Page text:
[tlhIngan Hol] 'eSpanya' QISmaS (Beginner's text and questions)

luis.chaparro at web.de luis.chaparro at web.de
Tue Nov 23 07:19:26 PST 2021

Thank you for your helpful comments, De'vID and Voragh!


>> 2. I wanted to use *'eSpanya''e'* as topic, but then I couldn't decide where I should place it. It's a noun with a Type 5 suffix. Time expressions come first. So I placed it after the time expression. However, my tendency was to say it at the beginning, before the time expression. Would that be right / possible?
> Star Trek VI had Chancellor Gorkon yell {cheng'e' DaH Sam!} "Find CHANG now!", so it's at least possible to have the topic fronted before the time expression. 

I knew the sentence, but since *DaH* is an adverb, I'm not sure if this is an example of a topic before an adverb or a topic before a time expression? The last one meaning we could place a topic at the very beginning of a sentence (what makes sense to me, but doesn't mean it makes sense to Klingons too :-)


> There's yet another way which is used in non-military contexts, and in which interplanetary communications are not a concern, involving the expression {N-logh Qoylu'pu'}, which is also explained in the newsgroup message above.

Thank you for the link, I had totally forgotten the option with *Qoylu'pu'* (and, by the way, I've noticed I've misspelled the verb *Qoy* in my text). In the newsgroup message we read that this way to say the time also works with the 24-hour system (which is common in Europe), so I guess we can say for example *wa'maH chorghlogh Qoylu'pu'*. Should I say for midnight *cha'maH loSlogh Qoylu'pu'* or something with *zero*? And is there a way to tell the minutes when using *Qoylu'pu'*?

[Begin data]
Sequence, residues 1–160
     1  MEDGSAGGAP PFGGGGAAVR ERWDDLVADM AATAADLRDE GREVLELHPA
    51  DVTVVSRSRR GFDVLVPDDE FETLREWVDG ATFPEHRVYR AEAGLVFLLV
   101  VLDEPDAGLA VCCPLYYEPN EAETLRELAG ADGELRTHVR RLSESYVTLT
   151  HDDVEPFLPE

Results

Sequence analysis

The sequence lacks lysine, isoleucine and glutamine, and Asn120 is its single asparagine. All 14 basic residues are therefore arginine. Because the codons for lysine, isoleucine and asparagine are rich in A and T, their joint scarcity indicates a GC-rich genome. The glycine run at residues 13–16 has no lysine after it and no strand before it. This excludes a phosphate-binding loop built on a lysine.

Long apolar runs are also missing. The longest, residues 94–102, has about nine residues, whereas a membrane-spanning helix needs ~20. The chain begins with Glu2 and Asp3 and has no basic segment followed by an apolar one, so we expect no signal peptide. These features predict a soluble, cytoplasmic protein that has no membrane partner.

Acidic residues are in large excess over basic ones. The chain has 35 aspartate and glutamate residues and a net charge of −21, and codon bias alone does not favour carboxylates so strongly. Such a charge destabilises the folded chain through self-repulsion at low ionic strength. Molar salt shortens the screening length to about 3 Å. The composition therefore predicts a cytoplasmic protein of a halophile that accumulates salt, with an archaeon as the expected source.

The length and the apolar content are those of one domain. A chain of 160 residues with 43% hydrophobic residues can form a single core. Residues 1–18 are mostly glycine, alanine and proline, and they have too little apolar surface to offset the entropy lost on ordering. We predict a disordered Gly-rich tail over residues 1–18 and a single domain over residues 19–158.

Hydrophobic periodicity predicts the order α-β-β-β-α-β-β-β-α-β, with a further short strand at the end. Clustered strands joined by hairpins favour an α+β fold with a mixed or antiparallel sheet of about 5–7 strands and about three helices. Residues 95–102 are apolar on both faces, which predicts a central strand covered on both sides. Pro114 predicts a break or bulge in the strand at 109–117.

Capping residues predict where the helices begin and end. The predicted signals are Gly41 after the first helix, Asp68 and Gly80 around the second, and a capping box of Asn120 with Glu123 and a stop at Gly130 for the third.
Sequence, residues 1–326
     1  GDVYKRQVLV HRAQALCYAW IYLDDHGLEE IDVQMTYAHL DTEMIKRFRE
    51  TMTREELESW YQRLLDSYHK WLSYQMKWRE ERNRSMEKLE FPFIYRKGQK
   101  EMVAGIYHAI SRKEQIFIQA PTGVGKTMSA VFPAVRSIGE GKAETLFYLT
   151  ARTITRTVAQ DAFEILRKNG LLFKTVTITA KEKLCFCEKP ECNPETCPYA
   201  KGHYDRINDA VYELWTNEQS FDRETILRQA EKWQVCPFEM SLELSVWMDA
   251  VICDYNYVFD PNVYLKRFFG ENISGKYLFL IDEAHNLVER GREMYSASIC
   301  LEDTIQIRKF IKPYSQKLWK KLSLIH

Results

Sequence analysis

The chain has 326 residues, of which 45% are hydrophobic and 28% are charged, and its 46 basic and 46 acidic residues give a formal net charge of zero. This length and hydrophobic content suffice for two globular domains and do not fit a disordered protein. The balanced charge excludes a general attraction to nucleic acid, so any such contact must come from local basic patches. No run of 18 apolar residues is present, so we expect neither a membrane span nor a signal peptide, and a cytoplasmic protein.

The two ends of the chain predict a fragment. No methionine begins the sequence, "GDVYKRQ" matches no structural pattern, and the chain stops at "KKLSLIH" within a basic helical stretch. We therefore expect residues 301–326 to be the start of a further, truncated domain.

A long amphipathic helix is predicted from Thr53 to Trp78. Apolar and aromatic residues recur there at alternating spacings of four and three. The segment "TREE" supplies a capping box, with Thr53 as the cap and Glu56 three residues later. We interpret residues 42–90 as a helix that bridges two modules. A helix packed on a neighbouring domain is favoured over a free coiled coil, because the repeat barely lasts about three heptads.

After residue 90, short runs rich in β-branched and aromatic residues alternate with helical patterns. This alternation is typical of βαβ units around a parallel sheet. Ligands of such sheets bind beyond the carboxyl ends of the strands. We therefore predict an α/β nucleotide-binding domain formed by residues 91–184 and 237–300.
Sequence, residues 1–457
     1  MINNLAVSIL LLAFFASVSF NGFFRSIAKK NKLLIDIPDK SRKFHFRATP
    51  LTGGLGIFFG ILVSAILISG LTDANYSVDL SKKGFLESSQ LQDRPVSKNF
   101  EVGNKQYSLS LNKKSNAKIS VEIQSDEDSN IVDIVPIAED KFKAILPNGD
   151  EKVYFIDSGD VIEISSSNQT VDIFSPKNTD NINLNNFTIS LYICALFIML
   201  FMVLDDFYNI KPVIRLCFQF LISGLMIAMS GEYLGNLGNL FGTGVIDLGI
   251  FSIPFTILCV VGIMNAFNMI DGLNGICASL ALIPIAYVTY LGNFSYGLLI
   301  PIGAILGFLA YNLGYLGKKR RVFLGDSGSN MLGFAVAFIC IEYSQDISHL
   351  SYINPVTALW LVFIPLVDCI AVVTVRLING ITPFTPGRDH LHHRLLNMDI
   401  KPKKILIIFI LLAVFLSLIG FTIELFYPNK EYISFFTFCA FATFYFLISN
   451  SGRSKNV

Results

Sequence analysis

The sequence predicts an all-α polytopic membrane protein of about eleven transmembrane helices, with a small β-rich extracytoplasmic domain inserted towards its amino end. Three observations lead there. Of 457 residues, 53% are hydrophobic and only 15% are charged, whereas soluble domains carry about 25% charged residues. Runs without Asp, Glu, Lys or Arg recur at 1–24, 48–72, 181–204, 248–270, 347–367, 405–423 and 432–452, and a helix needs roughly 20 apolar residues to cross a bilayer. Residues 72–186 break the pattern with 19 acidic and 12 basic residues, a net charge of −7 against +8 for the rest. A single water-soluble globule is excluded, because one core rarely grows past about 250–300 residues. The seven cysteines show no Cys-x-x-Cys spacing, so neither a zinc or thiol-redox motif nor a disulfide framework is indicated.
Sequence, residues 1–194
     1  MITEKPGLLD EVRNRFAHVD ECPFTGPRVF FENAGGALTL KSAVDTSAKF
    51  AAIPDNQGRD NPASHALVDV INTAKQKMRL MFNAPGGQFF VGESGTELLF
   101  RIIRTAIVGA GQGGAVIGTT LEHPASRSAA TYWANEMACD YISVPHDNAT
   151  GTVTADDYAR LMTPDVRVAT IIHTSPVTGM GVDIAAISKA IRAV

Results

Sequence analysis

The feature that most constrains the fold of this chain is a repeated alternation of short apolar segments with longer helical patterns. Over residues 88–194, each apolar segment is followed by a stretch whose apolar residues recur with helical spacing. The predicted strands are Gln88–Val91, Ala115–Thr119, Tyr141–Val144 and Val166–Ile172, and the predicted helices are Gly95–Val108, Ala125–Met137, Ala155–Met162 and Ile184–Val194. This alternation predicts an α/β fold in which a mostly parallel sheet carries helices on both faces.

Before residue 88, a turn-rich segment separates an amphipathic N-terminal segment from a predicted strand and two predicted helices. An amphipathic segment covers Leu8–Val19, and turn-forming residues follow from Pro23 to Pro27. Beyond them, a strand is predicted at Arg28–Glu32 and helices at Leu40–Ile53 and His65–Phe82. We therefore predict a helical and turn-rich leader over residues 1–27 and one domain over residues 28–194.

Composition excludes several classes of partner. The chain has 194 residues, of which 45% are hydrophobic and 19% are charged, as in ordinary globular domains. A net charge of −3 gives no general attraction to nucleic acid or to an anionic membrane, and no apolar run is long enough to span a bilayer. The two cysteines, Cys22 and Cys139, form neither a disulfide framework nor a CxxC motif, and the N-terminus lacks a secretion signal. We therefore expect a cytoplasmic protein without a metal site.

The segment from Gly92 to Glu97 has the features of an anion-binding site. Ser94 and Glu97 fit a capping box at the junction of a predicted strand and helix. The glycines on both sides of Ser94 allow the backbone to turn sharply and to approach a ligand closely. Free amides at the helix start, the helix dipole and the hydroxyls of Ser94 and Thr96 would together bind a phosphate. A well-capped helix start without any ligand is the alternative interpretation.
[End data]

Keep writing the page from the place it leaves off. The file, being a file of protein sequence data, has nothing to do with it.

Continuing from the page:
As an aside: do we know how to ask for the time when we tell it as hundreds?


> In this case I would say {'eSpanya'ngan lurDech}. I'm not sure whether countries (i.e. politico-geographical entities) have traditions - in either English or Klingon - or if the people (or possibly cultures) in them do.


> If deciding whether to use {'eSpanya'} or {'eSpanya'ngan} with a noun throws you for a temporal loop, you can always say simply {'eSpanya'Daq ...}

:-) Well, my problem was actually how to say *Christmas in Spain* as the title of my text. Since we cannot use *-Daq* with the first name of a noun-noun construction, I was looking for other possibilities, and then I forgot *-Daq* when I was writing the text.

When I think about these noun-noun constructions maybe I'm a bit influenced by my native language (where such constructions are almost non-existent). In Spanish there is nothing strange if I say *Las tradiciones de España* (Spain's traditions) if I want to focus on the geographical or historical-cultural aspect, rather than on the people.


> That being said,

> ... 'ach 'eSpanya'ngan lurDech 'oHbejbe'.
> ... but this isn't really a Spanish tradition.

I used *bIH* because I was referring to the *QISmaS Sor*, which was plural in the text. That's similar to the problem with */Bethlehem/ velqa'mey nu' 'oH lurDechmaj'e'*. The sentence of the PB quoted by De'vID (*wa' Dol bIH qa''e' porgh'e' je*) seems to suggest that the pronoun agrees with the subject, but I think it's better, as De'vID says, to avoid these constructions if possible.

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